EDITED BY Mauricio G. C. Resende and Jorge Pinho de Sousa
with assistance from Ana Viana.
Copyright © 2004 by Kluwer Academic Publishers.
Published by Kluwer Academic Publishers. 
P.O. Box 17, 3300 AA Dordrecht, The Netherlands.

Table of contents
List of contributors
List of referees


Combinatorial optimization is the process of finding the best, or optimal, solution for problems with a discrete set of feasible solutions. Applications arise in numerous settings involving operations management and logistics, such as routing, scheduling, packing, inventory and production management, location, logic, and assignment of resources. The economic impact of combinatorial optimization is profound, affecting sectors as diverse as transportation (airlines, trucking, rail, and shipping), forestry, manufacturing, logistics, aerospace, energy (electrical power, petroleum, and natural gas), telecommunications, biotechnology, financial services, and agriculture.

While much progress has been made in finding exact (provably optimal) solutions to some combinatorial optimization problems, using techniques such as dynamic programming, cutting planes, and branch and cut methods, many hard combinatorial problems are still not solved exactly and require good heuristic methods. Moreover, reaching "optimal solutions" is in many cases meaningless, as in practice we are often dealing with models that are rough simplifications of reality. The aim of heuristic methods for combinatorial optimization is to quickly produce good-quality solutions, without necessarily providing any guarantee of solution quality. Metaheuristics are high level procedures that coordinate simple heuristics, such as local search, to find solutions that are of better quality than those found by the simple heuristics alone. Modern metaheuristics include simulated annealing, genetic algorithms, tabu search, GRASP, scatter search, ant colony optimization, variable neighborhood search, and their hybrids. In many practical problems they have proved to be effective and efficient approaches, being flexible to accommodate variations in problem structure and in the objectives considered for the evaluation of solutions. For all these reasons, metaheuristics have probably been one of the most stimulating research topics in optimization for the last two decades.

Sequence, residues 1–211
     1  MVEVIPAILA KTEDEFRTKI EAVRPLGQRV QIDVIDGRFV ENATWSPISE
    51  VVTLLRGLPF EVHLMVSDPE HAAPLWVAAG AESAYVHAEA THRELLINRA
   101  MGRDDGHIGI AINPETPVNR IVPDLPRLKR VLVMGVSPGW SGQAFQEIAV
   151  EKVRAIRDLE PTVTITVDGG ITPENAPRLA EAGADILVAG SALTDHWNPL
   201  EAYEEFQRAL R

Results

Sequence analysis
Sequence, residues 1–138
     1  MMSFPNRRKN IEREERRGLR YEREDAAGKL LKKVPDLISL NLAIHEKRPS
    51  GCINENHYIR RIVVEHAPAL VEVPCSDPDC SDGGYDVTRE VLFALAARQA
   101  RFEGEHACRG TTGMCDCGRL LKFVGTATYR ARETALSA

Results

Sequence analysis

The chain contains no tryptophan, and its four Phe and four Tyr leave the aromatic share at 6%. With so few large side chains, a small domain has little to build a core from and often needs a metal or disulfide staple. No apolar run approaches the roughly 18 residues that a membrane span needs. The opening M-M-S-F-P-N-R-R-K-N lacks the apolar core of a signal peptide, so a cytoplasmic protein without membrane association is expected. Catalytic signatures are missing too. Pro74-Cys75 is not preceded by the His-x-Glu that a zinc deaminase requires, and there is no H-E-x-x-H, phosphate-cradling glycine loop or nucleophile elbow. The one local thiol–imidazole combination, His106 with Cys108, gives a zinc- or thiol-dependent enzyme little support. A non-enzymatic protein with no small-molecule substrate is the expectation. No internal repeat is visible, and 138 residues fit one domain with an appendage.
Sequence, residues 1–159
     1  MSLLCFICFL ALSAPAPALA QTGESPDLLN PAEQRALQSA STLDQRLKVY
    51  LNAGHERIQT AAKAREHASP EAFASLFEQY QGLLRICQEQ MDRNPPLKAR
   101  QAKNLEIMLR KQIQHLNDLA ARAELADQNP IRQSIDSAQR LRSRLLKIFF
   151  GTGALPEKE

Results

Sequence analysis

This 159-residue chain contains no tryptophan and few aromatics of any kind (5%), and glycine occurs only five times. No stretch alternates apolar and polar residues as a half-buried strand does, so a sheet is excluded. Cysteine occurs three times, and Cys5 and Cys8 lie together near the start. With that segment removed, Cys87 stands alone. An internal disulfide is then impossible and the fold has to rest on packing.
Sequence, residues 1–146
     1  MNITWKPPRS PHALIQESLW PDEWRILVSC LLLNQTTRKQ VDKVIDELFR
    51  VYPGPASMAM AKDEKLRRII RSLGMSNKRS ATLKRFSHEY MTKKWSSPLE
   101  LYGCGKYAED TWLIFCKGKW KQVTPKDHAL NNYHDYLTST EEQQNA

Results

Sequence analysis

Metaheuristics: Computer Decision-Making grew out of the 4th Metaheuristics International Conference (MIC2001), held in Porto, Portugal, on July 16-20, 2001, and chaired by Jorge Pinho de Sousa. Kluwer Academic Publishers published three books developed from previous editions of the Metaheuristic International Conference (MIC'95: I.H. Osman and J.P. Kelly (eds.), Meta-heuristics: Theory and Applications, Kluwer, 1996, held in Breckenridge, United States, in 1995; MIC'97:  S. Voss, S. Martello, I.H. Osman, and C. Roucairol (eds.), Meta-heuristics: Advances and Trends in Local Search Paradigms for Optimization, Kluwer, 1999,  held in Sophia-Antipolis, France, in 1997; and MIC'99:  C.C. Ribeiro and P. Hansen (eds.), Essays and Surveys in Metaheuristics, Kluwer, 2002, held in Angra dos Reis, Brazil, in 1999). Though this book is not a conference proceedings, it does characterize the type of research presented at MIC2001.
Metaheuristics: Computer Decision-Making exemplifies how much the field has matured in the last few years. The volume has 33 papers, covering a broad range of metaheuristics and related topics, as well as applications.

Metaheuristics and related topics include:

Applications and problems types include:

assignment and partitioning problems:
tree and graph problems:
cutting problems:
mathematical programming:
vehicle routing: Chapters 5 and 33;

single source capacitated location: Chapter 9;

industrial applications:
heuristic search software framework: Chapter 11.

The editors would like to thank the authors for their contributions, the over 70 referees for their tireless effort and helpful suggestions, Kluwer Academic Publishers for publishing the book, and Alec Resende and Geraldo Veiga for assistance in producing the final camera-ready manuscript.
Last, but not least, we are specially grateful to Ana Viana, for her valuable support and tireless collaboration in the editorial work involving the publication of this book.

Florham Park and Porto, April 2003

Mauricio G. C. Resende and Jorge Pinho de Sousa

Table of contents
List of contributors
List of referees